‘A concrete way to prevent suicide’: CRH Canada Group brands its trucks to raise mental health awareness
Health & Safety Human Resources Construction Mental Health
The pandemic put a lot of focus on workplace heroes — the essential employees who risked their health to keep society humming, including health-care workers, first responders and even grocery store staff.
But that spotlight never really hit the construction industry, which put its collective head down and soldiered on throughout all the lockdowns and uncertainty.
“I don’t want to say our people were forgotten but, I mean, they’re not nurses. They’re not doctors, they’re not the top-of-mind individuals,” said Shannon Truax-Wardell, director, occupational health and safety, construction and materials at CRH Canada Group. “But we were essential.”
High rates of suicide in construction
The struggles her teams faced over the last few years were just as real — with many not knowing where to turn or what to do, she said. From a mental health perspective, the numbers were scary.
“We did some research for North America and found out that construction is actually in the top three for suicide rates among men,” she said.
In the United States, the rate of suicide among construction workers is 53.3 per 100,000, according to 2022 data from the Centres for Disease Control. The only sector with higher rates was mining and oil and gas extraction.
It started the company on a wellness journey, focused on both physical and mental health. Tapping into expertise from its on-staff nurses, it held a mental health awareness week in May 2022. That led to nearly two dozen calls from workers to the nurses about mental health, she said.
“That was kind of the first eye-opening of, ‘OK, we’re on the right path,’” said Truax-Wardell.
‘Suck it up, get the work done’
She noted that the male bravado cliché of “suck it up, get the work done” is real, but evolving — especially with the next generation of employees flooding into organizations.
“They have more education around mental health, and it’s helping to shift the conversation a bit,” said Truax-Wardell.
“As a whole, people are recognizing maybe it’s not OK to just sit there and say suck it up,” she said. “You need some help.”
CRH Canada Group is well positioned for those conversations because of its safety culture, she said.
“We’re very fortunate, because we worked very hard on that,” she said, which means employees often feel more comfortable saying they need help.
The search for ways to spread the word also led to an epiphany: Why not put a message on the side of vehicles — visible to workers and the public alike — to encourage workers to seek help by promoting the Talk Suicide hotline. And that’s exactly what happened.
“It was about what we can do to support our people as well as the greater public,” she said.
The slogan is clever and catchy: “A concrete way to prevent suicide.”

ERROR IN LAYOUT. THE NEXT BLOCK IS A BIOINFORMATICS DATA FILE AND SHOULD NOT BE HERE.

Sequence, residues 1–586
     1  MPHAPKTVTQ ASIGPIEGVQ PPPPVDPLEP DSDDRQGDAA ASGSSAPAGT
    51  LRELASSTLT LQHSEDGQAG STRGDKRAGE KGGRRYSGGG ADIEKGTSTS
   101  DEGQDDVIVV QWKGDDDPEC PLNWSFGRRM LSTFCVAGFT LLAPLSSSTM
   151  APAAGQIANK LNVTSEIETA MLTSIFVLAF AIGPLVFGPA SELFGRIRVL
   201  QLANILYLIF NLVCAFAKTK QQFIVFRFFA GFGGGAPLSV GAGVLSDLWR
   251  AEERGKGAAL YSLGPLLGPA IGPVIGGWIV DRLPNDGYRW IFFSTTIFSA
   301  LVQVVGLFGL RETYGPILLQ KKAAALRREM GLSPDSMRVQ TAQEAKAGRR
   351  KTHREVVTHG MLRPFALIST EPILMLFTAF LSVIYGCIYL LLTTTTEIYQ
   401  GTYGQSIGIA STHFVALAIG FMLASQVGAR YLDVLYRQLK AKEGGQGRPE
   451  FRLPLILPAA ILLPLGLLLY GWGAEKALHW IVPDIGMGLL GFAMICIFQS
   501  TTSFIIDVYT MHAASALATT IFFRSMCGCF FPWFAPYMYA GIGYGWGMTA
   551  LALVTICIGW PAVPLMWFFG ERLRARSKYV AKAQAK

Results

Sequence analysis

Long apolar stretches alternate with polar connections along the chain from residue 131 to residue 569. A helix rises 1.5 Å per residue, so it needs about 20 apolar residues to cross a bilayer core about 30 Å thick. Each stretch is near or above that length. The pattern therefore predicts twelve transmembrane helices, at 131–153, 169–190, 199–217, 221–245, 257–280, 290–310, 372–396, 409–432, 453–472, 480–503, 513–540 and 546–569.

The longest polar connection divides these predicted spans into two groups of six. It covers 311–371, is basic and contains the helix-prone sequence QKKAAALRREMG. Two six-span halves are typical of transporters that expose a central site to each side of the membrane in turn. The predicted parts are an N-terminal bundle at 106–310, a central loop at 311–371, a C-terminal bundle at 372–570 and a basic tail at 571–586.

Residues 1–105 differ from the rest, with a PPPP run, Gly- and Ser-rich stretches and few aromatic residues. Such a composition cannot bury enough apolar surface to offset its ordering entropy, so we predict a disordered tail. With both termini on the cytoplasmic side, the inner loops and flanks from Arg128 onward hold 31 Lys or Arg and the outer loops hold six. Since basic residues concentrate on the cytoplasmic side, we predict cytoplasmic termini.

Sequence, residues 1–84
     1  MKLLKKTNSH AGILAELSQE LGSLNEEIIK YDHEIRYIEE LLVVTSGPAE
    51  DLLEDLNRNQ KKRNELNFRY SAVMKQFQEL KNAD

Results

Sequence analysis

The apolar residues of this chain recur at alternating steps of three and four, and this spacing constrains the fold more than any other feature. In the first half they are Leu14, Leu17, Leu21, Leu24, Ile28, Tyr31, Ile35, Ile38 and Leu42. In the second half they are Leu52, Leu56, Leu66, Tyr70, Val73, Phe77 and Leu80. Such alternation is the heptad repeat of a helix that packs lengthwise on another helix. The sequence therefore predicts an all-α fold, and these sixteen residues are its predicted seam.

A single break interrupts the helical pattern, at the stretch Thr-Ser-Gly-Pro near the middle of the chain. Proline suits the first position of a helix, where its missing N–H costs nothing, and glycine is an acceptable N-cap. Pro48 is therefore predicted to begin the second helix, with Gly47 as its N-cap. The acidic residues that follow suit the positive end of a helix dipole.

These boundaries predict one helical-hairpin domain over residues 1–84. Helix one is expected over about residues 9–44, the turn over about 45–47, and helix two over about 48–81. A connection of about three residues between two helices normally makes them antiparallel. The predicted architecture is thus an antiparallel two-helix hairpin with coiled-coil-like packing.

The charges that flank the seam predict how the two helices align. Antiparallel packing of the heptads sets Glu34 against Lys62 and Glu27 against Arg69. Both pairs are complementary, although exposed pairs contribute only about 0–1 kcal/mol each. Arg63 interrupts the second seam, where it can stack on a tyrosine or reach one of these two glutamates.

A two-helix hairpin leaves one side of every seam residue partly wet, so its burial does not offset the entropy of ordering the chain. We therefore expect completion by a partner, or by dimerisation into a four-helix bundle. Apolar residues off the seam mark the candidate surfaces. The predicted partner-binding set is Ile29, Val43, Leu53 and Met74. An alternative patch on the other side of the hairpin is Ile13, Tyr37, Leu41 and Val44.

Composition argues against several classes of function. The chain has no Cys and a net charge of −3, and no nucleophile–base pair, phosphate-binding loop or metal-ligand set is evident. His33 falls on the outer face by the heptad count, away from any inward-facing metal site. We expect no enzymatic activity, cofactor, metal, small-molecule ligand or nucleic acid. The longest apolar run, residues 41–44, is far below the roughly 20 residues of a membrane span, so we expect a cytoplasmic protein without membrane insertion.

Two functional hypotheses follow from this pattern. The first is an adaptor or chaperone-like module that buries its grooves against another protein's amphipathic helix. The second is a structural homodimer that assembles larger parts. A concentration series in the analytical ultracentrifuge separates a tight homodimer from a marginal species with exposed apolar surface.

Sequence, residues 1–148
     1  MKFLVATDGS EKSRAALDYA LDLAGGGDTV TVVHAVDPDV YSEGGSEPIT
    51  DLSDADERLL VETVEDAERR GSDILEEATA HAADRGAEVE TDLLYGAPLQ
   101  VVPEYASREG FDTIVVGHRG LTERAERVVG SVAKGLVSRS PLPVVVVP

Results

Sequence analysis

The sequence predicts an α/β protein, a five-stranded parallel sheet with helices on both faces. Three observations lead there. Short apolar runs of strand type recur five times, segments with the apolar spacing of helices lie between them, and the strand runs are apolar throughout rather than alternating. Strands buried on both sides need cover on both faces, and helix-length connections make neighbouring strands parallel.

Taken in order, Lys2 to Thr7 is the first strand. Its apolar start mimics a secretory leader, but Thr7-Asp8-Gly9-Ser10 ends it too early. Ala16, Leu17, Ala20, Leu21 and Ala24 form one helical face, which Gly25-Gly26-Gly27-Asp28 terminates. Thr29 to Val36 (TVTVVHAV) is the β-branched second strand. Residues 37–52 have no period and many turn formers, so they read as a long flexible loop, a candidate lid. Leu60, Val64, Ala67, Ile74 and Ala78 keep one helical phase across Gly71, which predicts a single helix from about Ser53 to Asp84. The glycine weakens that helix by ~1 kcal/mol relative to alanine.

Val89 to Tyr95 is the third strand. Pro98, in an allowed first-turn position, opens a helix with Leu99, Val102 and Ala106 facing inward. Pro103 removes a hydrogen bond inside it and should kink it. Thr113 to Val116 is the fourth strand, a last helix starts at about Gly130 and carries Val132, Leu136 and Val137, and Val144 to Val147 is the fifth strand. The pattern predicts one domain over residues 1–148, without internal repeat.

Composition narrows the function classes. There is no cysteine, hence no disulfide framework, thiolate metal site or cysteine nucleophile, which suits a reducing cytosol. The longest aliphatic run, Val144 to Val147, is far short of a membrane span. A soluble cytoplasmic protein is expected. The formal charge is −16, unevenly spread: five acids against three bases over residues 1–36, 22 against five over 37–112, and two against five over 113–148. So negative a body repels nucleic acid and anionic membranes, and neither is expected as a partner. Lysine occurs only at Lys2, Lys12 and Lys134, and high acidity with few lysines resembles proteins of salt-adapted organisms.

Slapping words on a truck may sound easy but getting buy-in for such a public campaign is often easier said than done. The answer to this pitch from management, though, was an immediate and resounding yes at CRH Canada Group, she said.
In the past, the company has used the space on vehicles to promote causes and raise money for charity. It was often sold as marketing and advertising space, with the cash donated to non-profits.
This time, though, the plan was to put the message out directly.
“I’m not going to lie, I thought I was going to have to fight,” she said. But that fight never materialized as management bought into the concept 100 per cent from the start — and the plan is to expand the messaging to other vehicles.
Right now, the company has five ready-mix drums bearing the information. Soon it will launch on aggregate haulers and potentially even on pickup trucks.
“We actually have on our tailgates that Talk Suicide number as well for our light-fleet pick up trucks,” said Truax-Wardell.
The reaction from employees has been phenomenal, she said.
“We had one employee, in a testimonial he sent in, say he was proud to work for a company that actually takes mental health seriously,” said Truax-Wardell.
Any concerns the company had about the messaging — for example, not making it look like they were promoting the negative side of things — were quickly put to rest, she said.
“They’ve been asking for more trucks, which I did not anticipate right away,” she said. “That’s pretty cool to see.”
The first truck hit the road in mid-November, and will be on the roads regularly across southern Ontario and in Quebec, including the Greater Toronto Area, Kitchener, Ont., and Montreal. The CRH Canada Group brands with the Talk Suicide information include Dufferin Concrete, Ontario Redimix and soon to be Demix Beton, she said.
Why Talk Suicide?
CRH Canada Group settled on Talk Suicide as the helpline to promote for a variety of reasons, she said.
They wanted a number available 24/7, seven days a week. They also wanted it to have a text option to seek assistance.
“We know many people are more willing to text than pick up the phone,” she said.
“We have been exposed to situations where our employees have either been touched by suicide or have been affected by suicide,” she said. “And we want to be there to support our people as well as the public.”